Another robotic Chinese mission landed on the moon in December, collected lunar rocks from the surface and returned them to Earth weeks later. That made China only the third nation, after the United States and the Soviet Union, to complete such a round-trip.
These successful endeavors have added to the likelihood that China will keep to its proposed timelines for other deep space missions. In addition to a series of robotic journeys to the lunar surface, the country will aim to collect samples from a near-Earth asteroid and return them to Earth around 2025 — something Japan has done twice. It also intends to launch a mission around 2030 to collect samples from Mars and bring them back to Earth, something NASA and the European Space Agency are collaborating on in the coming years as well.
Who else is going to space this year and next?
The usual up-and-down trips of astronauts to the International Space Station will continue. Two launches are scheduled for October, one of a Russian Soyuz rocket, one of SpaceX’s Falcon 9 rocket.
The SpaceX mission, planned for Oct. 31, will be the fourth that the company, founded by Elon Musk, has conducted for NASA taking astronauts to and from the space station. Riding in this capsule will be three NASA astronauts — Kayla Barron, Raja Chari and Thomas Marshburn — and Matthias Maurer, a European Space Agency astronaut from Germany.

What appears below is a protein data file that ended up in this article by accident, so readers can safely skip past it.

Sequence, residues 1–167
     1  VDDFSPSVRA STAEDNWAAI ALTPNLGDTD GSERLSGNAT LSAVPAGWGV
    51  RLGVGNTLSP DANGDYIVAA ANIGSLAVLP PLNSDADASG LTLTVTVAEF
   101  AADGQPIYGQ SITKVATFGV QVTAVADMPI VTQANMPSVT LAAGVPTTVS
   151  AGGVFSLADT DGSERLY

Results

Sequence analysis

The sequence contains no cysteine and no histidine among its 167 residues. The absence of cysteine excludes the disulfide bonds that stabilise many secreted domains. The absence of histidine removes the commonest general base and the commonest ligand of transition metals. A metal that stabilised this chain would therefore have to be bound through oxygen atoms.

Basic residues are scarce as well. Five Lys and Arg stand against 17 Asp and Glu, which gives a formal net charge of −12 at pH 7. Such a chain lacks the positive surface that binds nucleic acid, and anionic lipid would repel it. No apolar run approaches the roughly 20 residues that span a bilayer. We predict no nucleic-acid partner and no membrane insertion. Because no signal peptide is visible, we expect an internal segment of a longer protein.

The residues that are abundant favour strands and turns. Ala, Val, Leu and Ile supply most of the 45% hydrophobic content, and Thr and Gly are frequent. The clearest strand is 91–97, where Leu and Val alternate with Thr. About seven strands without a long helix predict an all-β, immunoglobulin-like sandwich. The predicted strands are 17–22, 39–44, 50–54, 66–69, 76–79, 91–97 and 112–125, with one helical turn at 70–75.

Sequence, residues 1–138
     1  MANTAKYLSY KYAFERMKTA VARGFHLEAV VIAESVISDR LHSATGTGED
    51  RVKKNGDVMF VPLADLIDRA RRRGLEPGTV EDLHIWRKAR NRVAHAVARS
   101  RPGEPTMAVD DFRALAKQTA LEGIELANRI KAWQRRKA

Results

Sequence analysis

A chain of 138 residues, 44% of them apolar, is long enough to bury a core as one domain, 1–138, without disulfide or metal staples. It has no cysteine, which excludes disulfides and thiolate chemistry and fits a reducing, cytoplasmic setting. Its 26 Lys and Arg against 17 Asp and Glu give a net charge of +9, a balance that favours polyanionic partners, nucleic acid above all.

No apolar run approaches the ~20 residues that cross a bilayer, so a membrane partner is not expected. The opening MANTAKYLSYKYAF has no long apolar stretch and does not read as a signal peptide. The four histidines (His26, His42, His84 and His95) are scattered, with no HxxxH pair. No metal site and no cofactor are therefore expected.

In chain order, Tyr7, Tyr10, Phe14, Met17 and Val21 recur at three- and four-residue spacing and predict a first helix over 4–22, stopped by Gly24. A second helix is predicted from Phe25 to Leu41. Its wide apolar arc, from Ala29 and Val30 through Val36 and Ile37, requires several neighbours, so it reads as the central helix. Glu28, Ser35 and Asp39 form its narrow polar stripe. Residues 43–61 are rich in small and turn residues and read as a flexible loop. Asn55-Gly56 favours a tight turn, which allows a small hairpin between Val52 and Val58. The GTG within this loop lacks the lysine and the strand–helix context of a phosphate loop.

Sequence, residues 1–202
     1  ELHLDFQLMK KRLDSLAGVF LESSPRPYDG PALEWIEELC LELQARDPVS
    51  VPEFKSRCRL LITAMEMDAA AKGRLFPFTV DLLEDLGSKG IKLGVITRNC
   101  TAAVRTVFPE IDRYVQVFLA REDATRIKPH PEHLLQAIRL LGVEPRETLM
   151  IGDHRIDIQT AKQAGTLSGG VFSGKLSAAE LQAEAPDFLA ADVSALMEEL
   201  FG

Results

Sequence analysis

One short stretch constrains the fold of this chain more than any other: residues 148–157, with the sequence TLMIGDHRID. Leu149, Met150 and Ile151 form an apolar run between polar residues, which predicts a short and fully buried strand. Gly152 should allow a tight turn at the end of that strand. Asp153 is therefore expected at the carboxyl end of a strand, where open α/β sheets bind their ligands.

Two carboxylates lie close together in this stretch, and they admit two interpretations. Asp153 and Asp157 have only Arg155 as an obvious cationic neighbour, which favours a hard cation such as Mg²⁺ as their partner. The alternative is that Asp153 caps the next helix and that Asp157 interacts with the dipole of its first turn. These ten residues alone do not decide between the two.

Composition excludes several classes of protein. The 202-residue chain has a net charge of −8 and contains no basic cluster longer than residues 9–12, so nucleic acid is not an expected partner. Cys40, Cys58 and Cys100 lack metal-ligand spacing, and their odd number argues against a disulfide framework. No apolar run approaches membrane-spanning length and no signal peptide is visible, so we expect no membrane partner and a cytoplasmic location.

The passengers on the Soyuz launch, which is to take place earlier in the month, are quite different. The commander, Anton Shkaplerov, is a professional Russian astronaut, but the two other people — Klim Shipenko, a film director, and Yulia Peresild, an actress — are not. They going up to make a movie titled “Challenge.” Ms. Peresild will play a surgeon sent to orbit to save the life of a Russian astronaut.
Nonprofessional astronauts will also be heading to orbit from the United States. In September, SpaceX is to launch a mission called Inspiration4, purchased by a billionaire entrepreneur, Jared Isaacman, that is to take him and three other people to orbit but not to the space station. That will be the first launch of people in which no one onboard works for NASA or other governmental space agencies.
Next year, a private company, Axiom Space, is to launch four private citizens on a SpaceX rocket to visit the space station.